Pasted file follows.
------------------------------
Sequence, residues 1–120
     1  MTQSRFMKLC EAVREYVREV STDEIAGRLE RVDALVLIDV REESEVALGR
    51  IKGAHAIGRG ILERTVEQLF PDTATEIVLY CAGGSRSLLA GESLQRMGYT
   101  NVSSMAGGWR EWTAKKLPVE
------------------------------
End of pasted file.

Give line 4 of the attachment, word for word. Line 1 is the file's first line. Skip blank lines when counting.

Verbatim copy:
   101  NVSSMAGGWR EWTAKKLPVE